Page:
Gover's sketch for transforming the Royapuram slum
Gover’s sketch for transforming the Royapuram slum

If at all a book on the hundred greats of Chennai is ever written, I hope to find Charles E. Gover in it. A Sanitary Inspector with the Corporation, perhaps his most heart-warming work was in the slums. In 1869, he identified that although “drainage and the provision of pure water are the great requirements of the city, neither can exert more than a portion of their true power while their influence is neutralised by (the) filthy and uncleanable collections of thatched huts, hitherto deemed beyond the pale of all public effort or expenditure.”

Gover enumerated the slums to be one hundred within city limits and noted that they had neither road nor drain and no scavenger cart could enter them. “Language fails me to describe fully the abominations and conditions of these places,” he wrote.

The worst of these according to him were at Royapuram and Choolai and he noted that smallpox, cholera and fevers of every kind were always present. At his first inspection of the Royapuram slum he found “one woman lying dead and eight other persons in various stages of smallpox. Pigs wandered everywhere and found their chief food in the adjacent latrine. Filth abounded.”

Gover convinced the slum-dwellers to pull down the shanties in stages and rebuild them, on the commitment that the Corporation would construct the mud walls up to four feet and also give a bonus of Rs. 2 for every house rebuilt according to the civic body’s directives. At the end of the “weary task to all concerned” the success gained “was worth waiting and working for”. There arose a neat little settlement that could accommodate 1,000 people. Gover then took on the task of reorganising 17 other slums. But sadly, he was dead within two years, having contracted typhoid from the very slums he sought to transform.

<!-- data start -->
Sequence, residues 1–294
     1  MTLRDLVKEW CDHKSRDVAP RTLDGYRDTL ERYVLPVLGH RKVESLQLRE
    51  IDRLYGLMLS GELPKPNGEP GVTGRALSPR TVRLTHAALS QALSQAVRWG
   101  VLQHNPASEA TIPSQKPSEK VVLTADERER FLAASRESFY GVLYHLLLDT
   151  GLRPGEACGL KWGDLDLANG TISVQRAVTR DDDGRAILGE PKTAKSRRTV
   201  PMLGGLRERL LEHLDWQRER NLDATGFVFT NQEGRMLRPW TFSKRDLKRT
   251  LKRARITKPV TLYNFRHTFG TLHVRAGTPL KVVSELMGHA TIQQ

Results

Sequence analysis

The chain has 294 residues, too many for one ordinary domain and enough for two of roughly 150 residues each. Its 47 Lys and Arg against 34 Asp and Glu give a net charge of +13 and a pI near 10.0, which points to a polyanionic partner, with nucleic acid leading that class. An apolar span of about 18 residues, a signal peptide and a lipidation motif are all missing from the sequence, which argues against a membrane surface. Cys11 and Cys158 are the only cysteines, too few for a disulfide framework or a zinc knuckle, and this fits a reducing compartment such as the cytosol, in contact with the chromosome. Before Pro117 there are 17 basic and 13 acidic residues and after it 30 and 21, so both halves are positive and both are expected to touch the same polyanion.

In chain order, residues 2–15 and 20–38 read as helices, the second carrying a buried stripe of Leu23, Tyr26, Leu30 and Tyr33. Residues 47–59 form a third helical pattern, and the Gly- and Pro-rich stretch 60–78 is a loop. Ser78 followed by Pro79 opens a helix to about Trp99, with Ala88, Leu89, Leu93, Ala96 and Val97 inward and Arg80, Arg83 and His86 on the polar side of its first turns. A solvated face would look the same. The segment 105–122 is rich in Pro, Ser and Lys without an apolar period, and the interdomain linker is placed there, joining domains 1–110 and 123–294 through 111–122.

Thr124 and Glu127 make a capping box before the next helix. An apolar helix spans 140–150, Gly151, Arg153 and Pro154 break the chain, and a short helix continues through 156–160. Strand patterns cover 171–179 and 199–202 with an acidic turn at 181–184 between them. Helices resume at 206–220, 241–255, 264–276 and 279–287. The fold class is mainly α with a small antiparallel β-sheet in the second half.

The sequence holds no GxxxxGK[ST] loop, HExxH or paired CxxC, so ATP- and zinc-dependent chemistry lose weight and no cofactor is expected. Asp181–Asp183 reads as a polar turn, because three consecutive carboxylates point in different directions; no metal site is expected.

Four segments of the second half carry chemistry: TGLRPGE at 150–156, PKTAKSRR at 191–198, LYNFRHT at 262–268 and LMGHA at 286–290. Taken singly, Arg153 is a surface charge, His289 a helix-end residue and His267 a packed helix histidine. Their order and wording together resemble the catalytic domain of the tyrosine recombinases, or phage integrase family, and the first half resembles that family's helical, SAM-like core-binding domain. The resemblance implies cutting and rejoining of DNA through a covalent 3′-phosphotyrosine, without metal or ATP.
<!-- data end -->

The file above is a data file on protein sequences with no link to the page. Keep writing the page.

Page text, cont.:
There was more to this man. His spare time was spent reading and translating South Indian poetry, the Tirukkural or ‘Cural’ as he writes of it, being among them.

In 1871, the year he died, Higginbothams published his The Folk Songs of Southern India, in which an entire section is reserved for the Kural besides giving details of Tiruvalluvar’s life, which by then had gained heavily mythical overtones. “A collection of these odes would give a very elevated idea not only of the poetical power of the Dravidian people, but of their appreciation of the beneficent operations of nature, and of their perception of the dignity and beauty of the physical world,” was how he summarised the Kural.

No portrait of Gover has survived, but a plan drawn by him for the reconstruction of the Roypuram slum is published alongside.

This article appeared in The Hindu dated July 26, 2014 under the Hidden Histories column